What Attracts Termites into Your HouseOctober 7, 2018
Very few house pests are harder to identify than termites. They sneakily and with a professional quietness go about their business destroying parts of your home and you never realise just how much until it is a full blown termite infestation. They will eat through anything wood, such as your lovely hardwood floors, roof rafters, and wooden ceilings. They will even damage that tree with the swing your child loves so much!
To avoid all the damage that termites are capable of doing to your home, it is important that you learn what attracts them. This will help you take the necessary precautions to keep them at bay, and even pre-empt any attempts to breach your carefully planned perimeter. Here are some of the things you should be on the lookout for:
Wood and plant based material
It is a well-known fact that termites love wood. What most people do not know is why they love it so much. They actually love an organic sugar compound that is found in lumber and other plant products. It is an important nutritional component in the plants, helping in the formation of stronger stems, stout branches, and healthier leaves with better colouring. Being one of the core components in the plant, it is transferred into any other product made from the same. This means that there is cellulose in cardboard. Plywood, the stack of firewood in your backyard, and even in paper; yes you read that right, paper.
Now we know that food attracts all sorts of animals, which is why a proper restaurant within walking distance of your home is your first identify, the first week after moving. Termites will therefore be attracted to piles of wood, large stacks of cardboard boxes and paper, and plant material littered in your yard. This is why most parts of the house that termites attack first are firewood racks and basements, where cardboard boxes full of old newspapers and other sources of cellulose are stored. The easiest way to take care of this is to remove all unnecessary cardboard and paper from your basement, and clearing any unneeded fallen plant material from your yard. You should also make sure the firewood, or any wood really, that you buy is treated against termites. This also includes any wood that you may have used for construction projects in your home, for instance fencing and shed building.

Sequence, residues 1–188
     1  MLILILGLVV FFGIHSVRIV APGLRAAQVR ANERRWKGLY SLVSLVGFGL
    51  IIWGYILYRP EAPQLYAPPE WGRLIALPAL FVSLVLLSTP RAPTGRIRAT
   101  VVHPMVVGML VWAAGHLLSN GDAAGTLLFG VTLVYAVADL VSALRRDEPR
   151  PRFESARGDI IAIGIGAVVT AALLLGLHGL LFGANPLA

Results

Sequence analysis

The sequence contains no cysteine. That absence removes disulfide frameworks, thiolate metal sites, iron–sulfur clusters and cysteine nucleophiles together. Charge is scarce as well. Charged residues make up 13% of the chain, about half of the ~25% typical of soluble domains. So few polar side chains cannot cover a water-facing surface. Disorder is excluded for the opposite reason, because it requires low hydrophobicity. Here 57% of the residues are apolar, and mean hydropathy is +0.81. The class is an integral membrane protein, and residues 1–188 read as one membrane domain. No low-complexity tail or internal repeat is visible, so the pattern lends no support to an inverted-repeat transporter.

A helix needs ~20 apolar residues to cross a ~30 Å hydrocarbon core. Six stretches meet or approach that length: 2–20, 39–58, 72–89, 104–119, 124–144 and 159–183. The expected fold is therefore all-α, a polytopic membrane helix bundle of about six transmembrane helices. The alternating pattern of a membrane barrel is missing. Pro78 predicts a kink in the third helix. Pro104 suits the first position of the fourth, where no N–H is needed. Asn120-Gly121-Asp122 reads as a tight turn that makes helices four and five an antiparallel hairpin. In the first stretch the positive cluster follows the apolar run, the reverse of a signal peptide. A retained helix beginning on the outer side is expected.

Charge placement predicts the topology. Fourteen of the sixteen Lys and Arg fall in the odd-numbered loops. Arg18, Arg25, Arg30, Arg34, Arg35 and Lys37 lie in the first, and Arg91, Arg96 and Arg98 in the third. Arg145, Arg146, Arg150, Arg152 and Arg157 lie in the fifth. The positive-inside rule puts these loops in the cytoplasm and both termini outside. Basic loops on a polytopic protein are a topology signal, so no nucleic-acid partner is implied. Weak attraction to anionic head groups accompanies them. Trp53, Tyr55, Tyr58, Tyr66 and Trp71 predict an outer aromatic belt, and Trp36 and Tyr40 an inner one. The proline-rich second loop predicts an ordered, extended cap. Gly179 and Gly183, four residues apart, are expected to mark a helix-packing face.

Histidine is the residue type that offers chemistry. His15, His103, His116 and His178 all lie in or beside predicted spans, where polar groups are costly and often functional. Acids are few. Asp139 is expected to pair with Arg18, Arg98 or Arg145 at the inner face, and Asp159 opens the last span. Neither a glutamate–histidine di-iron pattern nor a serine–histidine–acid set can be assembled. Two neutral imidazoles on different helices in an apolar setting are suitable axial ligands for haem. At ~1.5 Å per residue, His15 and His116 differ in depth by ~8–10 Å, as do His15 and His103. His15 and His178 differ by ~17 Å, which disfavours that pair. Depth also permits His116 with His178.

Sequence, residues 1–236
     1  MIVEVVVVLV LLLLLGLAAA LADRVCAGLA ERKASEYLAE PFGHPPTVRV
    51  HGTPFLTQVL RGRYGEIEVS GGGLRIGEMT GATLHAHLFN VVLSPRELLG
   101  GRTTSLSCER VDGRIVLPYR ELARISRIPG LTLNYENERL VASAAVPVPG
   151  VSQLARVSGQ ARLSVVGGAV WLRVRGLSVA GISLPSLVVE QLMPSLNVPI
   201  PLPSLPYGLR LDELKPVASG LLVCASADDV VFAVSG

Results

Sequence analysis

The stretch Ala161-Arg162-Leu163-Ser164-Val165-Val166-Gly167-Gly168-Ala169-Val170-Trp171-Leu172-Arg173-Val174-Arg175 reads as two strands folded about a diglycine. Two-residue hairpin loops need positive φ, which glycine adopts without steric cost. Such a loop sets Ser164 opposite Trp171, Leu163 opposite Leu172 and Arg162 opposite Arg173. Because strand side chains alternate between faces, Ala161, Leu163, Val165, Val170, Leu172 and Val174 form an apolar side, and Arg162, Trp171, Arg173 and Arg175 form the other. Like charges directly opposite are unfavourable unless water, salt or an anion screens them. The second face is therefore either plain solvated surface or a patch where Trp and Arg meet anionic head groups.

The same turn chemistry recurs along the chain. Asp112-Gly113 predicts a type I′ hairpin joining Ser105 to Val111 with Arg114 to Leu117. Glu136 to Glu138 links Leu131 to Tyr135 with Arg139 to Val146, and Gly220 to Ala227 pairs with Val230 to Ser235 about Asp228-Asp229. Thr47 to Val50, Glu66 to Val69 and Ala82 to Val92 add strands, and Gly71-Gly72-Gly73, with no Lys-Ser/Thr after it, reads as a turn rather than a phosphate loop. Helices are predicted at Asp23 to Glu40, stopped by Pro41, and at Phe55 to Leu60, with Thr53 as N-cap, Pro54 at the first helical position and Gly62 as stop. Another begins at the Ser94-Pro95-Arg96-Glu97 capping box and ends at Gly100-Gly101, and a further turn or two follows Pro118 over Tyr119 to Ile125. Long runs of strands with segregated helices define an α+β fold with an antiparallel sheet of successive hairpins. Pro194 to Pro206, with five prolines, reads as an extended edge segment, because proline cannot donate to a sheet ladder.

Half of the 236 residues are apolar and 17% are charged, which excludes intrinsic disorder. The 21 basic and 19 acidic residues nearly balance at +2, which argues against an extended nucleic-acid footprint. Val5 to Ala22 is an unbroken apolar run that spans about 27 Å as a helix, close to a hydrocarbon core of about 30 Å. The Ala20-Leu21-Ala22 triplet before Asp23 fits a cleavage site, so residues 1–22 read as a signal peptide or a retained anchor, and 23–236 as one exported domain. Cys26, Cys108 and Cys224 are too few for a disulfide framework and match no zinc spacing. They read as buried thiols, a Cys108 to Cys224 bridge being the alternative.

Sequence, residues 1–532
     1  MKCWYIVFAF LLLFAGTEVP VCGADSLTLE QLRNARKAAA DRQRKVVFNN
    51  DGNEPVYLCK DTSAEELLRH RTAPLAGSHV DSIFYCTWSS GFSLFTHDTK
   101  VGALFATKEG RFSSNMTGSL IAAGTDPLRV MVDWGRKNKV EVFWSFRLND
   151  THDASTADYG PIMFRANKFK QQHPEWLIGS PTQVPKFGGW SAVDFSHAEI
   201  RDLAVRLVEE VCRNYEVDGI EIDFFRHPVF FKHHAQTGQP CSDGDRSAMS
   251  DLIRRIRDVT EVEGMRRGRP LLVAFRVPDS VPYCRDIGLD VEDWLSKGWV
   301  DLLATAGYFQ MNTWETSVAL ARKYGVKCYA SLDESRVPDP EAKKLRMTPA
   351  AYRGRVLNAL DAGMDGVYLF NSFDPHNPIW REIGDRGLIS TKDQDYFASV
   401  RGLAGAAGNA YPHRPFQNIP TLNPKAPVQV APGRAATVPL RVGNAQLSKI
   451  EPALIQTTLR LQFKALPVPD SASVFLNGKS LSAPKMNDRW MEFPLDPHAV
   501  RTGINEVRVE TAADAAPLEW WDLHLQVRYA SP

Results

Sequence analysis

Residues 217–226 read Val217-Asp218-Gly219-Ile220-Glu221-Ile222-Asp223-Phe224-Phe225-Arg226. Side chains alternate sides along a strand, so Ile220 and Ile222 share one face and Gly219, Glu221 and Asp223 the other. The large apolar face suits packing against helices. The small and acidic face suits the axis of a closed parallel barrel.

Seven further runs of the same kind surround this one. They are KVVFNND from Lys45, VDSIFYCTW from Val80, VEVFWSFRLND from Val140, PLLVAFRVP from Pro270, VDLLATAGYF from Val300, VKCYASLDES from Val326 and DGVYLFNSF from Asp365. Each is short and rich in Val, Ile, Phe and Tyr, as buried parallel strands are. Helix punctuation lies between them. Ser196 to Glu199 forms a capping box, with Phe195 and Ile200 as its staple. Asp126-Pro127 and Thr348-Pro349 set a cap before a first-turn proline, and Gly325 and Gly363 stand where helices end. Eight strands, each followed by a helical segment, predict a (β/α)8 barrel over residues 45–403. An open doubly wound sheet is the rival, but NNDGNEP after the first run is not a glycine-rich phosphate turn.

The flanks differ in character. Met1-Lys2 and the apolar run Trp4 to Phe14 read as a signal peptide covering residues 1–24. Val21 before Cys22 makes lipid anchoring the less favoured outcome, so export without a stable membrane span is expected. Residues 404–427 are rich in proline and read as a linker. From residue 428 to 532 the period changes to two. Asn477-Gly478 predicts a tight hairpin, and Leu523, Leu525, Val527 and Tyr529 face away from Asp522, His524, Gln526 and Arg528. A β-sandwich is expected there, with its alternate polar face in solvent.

You may have cut down a tree but left the stump intact, or cleared away a few bushes but did not remove them from the root. As we established earlier, termites really love plant material. They are attracted to the stumps, bushes, and even dead trees. The migration to your home is then easy, especially if any of these touches the outside of your house at any point. Before your know it, the infestation has taken its toll on various parts of your home, and could even render it dangerous to live in, especially if the damage extends to the trusses and rafters holding your roof up. The best thing to do is to remove any dead trees and uproot any tree stumps then fill and compact any holes left after that. Any weeds and bushes that you need to clear should also be taken out from the root. It not only deters the termites, but also keeps them from growing back as quickly.
Warm dark places
Warmth and darkness are two of the things termites look for when choosing a nesting place. They thrive in warmer temperatures and could die should the ambient temperatures go below a certain point. This is one of the reasons they hurdle together in in their nest. On the other hand, darkness is preferred to well-lit areas for nest construction. This is because termites live and breed in the dark, which affords them protection from predators. This is actually thought to be the reason why they leave behind those mud tunnels everywhere.
To keep termites from invading and ruining your life, make sure that all the places of your home are at some point exposed to the light. It is as simple as cleaning out areas with clutter, organising your basement so that everything is where it is supposed to be, and clearing the outside of your home of weeds and bushes.
Have you ever noticed that the inside of a termite mound is always wet? This is because water is actually a very important part of their physiology. Termites will actually dry out and die if they stay too long without water. This is why you should look through your house and seal any leakages to sinks, pipes, taps, and other plumbing areas, especially in the basement. You should also clear out any water puddles on the outside of your home. Limiting the amount of humidity in and around your home will decrease the chances of termites setting up residence.